It is hard for many American Christians, especially we conservatives, to think of Christian morality as applicable to money. Personal sins — lust, immorality, the usual — we understand. But we shy away from thinking in a Christian way about money, and the way our society is structured economically. I wonder: Do we Christians not fear a reckoning in all this? I am reminded of the following account from a book of stories about Father Arseny, a Russian Orthodox priest who was thrown into the gulag by the Bolsheviks for his faith. At one point, he was dragged into an argument among prisoners about who was responsible for the curse of Communism coming to Russia. He told the men:
“You say that the Communists have arrested the believers, closed churches, trampled on faith. Yes, it does look that way, on the surface, but let us look into this more deeply, let us glance at the past. Among us Russian people many have lost the faith, lost respect for our past, we lost much of what was precious and good. Who is at fault? The authorities? No, we are at fault ourselves, we are only reaping what we ourselves have sown.
“Let us remember the bad examples set by the intelligentsia, the nobility, the merchants, and the civil servants. We in the priesthood were the worst of them all.
“Children of priests became atheists, and revolutionaries, simply because they had seen in their families lies and a lack of true faith. Long before the revolution priests had already lost the real right to be the shepherds of their people, of their conscience. Priesthood became a profession. Many priests were atheists and alcoholics.
“From among all the monasteries of our land, only five or six were real beacons of Christianity. … Others became communities with almost no faith in them. What could the people learn from such monasteries? What kind of example was set?
“We did not raise our people right, we did not give them the basis of strong faith. Remember all this! Remember! This is why the people were so quick to forget all of us, their own priests; they mainly forgot their faith and participated in the destruction of churches, sometimes even leading the way in their destruction.
“Understanding all of this, I cannot point a finger at our authorities, because the seeds of faithlessness fell on the soil which we ourselves had prepared. And from there comes the rest: our camp, our sufferings, the wrongful deaths of innocent people. …”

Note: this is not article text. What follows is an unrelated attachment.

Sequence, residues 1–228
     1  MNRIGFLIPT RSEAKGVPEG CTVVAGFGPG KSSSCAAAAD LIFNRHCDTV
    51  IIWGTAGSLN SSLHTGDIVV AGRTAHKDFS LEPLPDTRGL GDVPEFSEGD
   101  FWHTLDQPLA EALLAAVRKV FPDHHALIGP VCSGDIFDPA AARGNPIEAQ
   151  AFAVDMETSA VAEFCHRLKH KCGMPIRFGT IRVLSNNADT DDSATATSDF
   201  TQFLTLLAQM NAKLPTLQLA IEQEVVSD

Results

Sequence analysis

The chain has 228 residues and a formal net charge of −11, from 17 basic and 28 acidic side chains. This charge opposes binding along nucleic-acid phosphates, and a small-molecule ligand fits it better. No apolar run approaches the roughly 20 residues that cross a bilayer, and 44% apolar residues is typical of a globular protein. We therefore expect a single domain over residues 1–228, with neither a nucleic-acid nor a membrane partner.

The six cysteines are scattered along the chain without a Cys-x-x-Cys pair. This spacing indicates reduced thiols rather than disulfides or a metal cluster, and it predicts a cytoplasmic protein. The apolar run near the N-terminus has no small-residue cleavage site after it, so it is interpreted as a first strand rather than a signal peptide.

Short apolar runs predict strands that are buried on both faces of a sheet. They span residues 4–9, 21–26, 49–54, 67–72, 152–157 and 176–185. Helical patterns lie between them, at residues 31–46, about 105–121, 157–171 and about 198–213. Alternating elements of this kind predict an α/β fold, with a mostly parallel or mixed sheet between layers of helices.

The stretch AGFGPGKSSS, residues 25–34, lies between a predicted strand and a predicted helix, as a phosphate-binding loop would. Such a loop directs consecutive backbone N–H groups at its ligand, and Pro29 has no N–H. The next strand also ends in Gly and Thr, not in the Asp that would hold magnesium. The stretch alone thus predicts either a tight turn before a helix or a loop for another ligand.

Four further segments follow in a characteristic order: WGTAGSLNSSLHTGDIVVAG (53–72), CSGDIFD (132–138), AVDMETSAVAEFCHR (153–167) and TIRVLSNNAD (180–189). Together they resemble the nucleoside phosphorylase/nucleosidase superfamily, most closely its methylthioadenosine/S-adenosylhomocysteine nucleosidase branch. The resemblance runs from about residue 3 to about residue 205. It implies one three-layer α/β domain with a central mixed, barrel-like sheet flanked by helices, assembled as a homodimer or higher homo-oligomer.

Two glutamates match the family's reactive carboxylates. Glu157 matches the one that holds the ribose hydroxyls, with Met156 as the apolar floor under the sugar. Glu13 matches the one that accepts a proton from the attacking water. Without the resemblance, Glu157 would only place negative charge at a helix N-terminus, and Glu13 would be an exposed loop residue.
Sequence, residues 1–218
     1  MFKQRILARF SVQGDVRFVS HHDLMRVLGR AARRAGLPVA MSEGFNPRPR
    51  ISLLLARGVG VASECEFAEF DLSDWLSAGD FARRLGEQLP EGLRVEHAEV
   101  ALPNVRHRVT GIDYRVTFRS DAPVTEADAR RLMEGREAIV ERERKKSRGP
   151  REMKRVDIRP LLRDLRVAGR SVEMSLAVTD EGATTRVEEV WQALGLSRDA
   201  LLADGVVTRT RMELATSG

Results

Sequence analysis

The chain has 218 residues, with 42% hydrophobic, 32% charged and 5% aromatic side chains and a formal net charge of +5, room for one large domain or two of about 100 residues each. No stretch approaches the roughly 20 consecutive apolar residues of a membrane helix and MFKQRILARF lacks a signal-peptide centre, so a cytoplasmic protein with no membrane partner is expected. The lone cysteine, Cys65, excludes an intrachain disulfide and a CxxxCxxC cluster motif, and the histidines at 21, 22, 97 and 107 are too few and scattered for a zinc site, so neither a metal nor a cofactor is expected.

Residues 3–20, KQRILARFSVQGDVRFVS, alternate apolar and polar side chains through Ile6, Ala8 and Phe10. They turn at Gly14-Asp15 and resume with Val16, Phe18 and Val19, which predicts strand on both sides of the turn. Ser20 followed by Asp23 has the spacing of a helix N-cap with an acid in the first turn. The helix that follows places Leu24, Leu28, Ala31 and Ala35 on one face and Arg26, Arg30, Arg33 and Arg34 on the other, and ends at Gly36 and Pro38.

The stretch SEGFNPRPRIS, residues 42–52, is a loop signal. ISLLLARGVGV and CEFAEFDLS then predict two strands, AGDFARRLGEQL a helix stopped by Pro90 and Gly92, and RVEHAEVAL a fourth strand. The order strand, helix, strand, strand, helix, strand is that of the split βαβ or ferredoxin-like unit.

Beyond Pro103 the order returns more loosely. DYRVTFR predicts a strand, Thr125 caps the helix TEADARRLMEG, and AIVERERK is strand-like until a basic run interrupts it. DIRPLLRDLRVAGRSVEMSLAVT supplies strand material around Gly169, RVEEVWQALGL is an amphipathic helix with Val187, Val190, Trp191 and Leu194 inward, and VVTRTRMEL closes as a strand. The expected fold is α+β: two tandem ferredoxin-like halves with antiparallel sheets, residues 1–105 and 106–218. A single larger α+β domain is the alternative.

He was an innocent man, and a good priest, but he surely spoke the truth to a great degree. In Father Arseny’s view, the curse of Bolshevism, and the persecution of the Church, came upon Russia in part because the priests who had been given so much responsibility failed so miserably. You could say the same thing about the Tsar and his government, and the aristocrats of the pre-Revolutionary era. Don’t misread me: what followed the old order was far, far worse. The point is simply that corruption in high places, even if it involves the breaking of no law, can have terrible, unforeseen consequences, not only for the corrupt, but for everyone.
And so we come to the Occupy Wall Street movement. I have not been impressed by the things I’ve seen and read about them. I don’t know for sure, but I doubt very much that I would be at home with that crowd. Some of the quotes I’ve read from those people are obnoxious and offensive. Many more are just foolish. I don’t look to OWS for any relief, except comic.
But I have to say, I am impressed by this line from Almond’s piece: “They want the traders who work on Wall Street to face the human consequences of their machinations.” Maybe the way they’re calling Wall Street out is silly, pointless, and foolish in a thousand ways. But at least they are there. Where are the Christians? Where are we conservative Christians, who claim to really believe what Scripture says, and look down on liberal Christians for picking and choosing what they want to believe on sexual morality to suit their desires? Do we not have a blind spot when it comes to wealth? Why does the immense power Wall Street wields over the fate of the nation because of its wealth not trouble us enough to bear public witness? Why does it not trouble us much at all? It troubles me, but I don’t know what to do about it. This won’t do.
In that sense, I’ll give Occupy Wall Street its due, as a guilty Christian bystander. There’s a tale about Billy Graham, possibly apocryphal, in which he met a stuffy Anglican prelate on one of his first crusades in England. The story goes that the bishop sniffed to Graham, “Sir, I must say that I do not approve of the evangelism you do.” Graham supposedly replied, “Sir, I prefer the evangelism I do to the evangelism that you do not do.” Quite.